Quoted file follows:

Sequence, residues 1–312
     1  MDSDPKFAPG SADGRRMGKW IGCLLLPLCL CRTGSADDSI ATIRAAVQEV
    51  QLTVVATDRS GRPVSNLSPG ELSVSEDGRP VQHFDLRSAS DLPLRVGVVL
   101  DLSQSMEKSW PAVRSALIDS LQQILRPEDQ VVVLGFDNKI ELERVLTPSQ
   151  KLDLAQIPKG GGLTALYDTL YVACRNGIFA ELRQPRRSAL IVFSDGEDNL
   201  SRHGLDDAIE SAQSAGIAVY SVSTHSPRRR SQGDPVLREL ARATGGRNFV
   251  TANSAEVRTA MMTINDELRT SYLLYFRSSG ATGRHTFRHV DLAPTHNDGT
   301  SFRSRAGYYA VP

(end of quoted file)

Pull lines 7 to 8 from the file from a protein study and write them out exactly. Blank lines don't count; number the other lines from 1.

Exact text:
   251  TANSAEVRTA MMTINDELRT SYLLYFRSSG ATGRHTFRHV DLAPTHNDGT
   301  SFRSRAGYYA VP